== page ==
\begin{aligned} P(1) &= 1^3+2\cdot 1^2-4\cdot 1+3\\[2ex] &= 1+2\cdot 1-4 \cdot 1+3 \\[2ex] & = 1+2-4+3 \\[2ex] & =\bm{2} \end{aligned}

So the remainder of the division of the polynomials is 2.

We can also check the remainder by dividing the polynomials using synthetic division with remainder:

remainder theorem division

➤ Note: we can also use the polynomial long division to find the remainder.

As you can see, it is much faster and easier to determine the remainder of a division of a polynomial by a linear polynomial using the remainder theorem than dividing the polynomials, since much less calculations are done.

Remainder and factor theorem

From the remainder theorem and the definition of root (or zero) of a polynomial we can deduce the factor theorem.

The factor theorem says that a polynomial P(x) is divisible by another polynomial in the form (x-c) if, and only if, P(c)=0. And, in that case, c is a root (or zero) of the polynomial P(x).

Furthermore, according to the remainder theorem, this means that if a polynomial is divisible by another polynomial, the remainder of that division is zero, since P(c)=0.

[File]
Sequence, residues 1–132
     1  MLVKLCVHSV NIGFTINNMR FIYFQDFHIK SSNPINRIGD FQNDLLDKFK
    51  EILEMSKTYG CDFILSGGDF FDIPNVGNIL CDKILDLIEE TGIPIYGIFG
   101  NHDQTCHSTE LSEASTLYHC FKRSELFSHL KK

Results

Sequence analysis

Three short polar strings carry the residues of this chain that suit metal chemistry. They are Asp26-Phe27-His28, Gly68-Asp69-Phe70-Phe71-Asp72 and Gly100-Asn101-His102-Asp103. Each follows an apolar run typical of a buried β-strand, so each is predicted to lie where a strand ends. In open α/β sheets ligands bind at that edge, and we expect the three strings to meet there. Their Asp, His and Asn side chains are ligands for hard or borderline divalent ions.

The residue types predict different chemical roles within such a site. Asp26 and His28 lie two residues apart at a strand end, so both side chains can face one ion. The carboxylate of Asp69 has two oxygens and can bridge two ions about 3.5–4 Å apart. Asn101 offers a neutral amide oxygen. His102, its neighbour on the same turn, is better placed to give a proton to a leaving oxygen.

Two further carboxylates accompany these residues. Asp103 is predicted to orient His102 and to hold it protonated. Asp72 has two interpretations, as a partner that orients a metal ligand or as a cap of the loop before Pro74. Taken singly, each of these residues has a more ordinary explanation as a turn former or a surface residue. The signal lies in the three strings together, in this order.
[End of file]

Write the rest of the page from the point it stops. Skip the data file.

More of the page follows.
For example, if we have the following polynomial:

 P(x)=x^2+2x-8

This polynomial is divisible by the binomial (x-2) because P(2)=0:

 \begin{aligned} P(2) &= 2^2+2\cdot 2-8\\[2ex] &= 4+4-8 \\[2ex] & =\bm{0} \end{aligned}

Since P(2)=0, x=2 is a root of the polynomial.

Moreover, we can know thanks to the remainder theorem that the remainder of the polynomial division (x^2+2x-8)\div (x-2) is equal to 0.

Practice problems on the remainder theorem

To understand better the remainder theorem, we leave you some practice problems. You can try to do the problem on your own and then check whether you have done it correctly.

Problem 1

Using the remainder theorem, find the remainder of the polynomial division \cfrac{P(x)}{Q(x)}, being the polynomials involved in the operation:

P(x) =x^3+4x^2-2x+1\qquad \qquad Q(x)=x-2

The divisor polynomial is composed of only a first-degree term and a constant term, and furthermore, the coefficient of the first-degree term is 1. Therefore, we can use the remainder theorem.

To apply the remainder theorem, we simply have to evaluate the dividend polynomial at the constant term of the divisor polynomial changed sign, in other words, we have to calculate P(2).

 \begin{aligned} P(2) &= 2^3+4\cdot 2^2-2\cdot 2+1\\[2ex] &=8+4\cdot 4-2\cdot 2+1 \\[2ex] & = 8+16-4+1 \\[2ex] & =\bm{21} \end{aligned}

So the remainder of the division of the two polynomials is 21 .

 

Problem 2

Given the polynomial P(x)=x^4-2x^3+5x^2-3x+4, find the remainder that is obtained when dividing P(x) by each of the following polynomials:

  • \text{A)} \ \left(x-1 \right)
  • \text{B)} \ \left(x+1 \right)